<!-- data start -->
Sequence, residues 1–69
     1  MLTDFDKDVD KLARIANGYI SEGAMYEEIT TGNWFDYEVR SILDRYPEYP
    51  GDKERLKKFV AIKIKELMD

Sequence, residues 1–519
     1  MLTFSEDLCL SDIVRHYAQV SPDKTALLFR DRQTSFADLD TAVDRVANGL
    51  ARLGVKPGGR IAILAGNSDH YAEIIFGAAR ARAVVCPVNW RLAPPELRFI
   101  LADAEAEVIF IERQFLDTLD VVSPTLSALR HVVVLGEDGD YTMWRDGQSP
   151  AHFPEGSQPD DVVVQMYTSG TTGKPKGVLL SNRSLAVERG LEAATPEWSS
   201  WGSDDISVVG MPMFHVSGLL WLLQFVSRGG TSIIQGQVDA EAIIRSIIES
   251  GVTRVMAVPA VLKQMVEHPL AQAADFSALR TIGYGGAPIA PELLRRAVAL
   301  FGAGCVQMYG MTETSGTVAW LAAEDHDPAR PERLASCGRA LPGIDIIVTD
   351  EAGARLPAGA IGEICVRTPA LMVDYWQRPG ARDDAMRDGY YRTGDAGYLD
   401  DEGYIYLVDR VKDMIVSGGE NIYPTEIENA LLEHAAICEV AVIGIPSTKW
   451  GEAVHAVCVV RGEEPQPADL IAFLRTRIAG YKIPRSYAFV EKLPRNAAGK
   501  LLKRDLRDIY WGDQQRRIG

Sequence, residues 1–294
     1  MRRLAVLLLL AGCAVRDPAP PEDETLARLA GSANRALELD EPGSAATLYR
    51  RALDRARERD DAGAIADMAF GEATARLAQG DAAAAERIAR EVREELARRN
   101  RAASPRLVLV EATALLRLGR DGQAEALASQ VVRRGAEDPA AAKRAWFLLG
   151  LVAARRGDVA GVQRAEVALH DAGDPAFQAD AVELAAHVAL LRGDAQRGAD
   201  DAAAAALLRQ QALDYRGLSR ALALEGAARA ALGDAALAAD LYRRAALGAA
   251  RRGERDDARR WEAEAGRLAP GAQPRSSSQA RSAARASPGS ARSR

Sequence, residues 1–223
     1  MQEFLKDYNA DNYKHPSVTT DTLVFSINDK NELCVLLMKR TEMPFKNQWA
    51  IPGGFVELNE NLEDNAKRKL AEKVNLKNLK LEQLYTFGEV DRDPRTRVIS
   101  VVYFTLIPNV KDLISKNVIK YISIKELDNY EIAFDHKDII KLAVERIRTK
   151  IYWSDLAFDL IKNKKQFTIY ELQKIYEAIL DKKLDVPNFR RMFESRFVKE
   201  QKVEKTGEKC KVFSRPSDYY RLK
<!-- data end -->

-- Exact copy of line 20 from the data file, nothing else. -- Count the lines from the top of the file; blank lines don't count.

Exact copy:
   151  LVAARRGDVA GVQRAEVALH DAGDPAFQAD AVELAAHVAL LRGDAQRGAD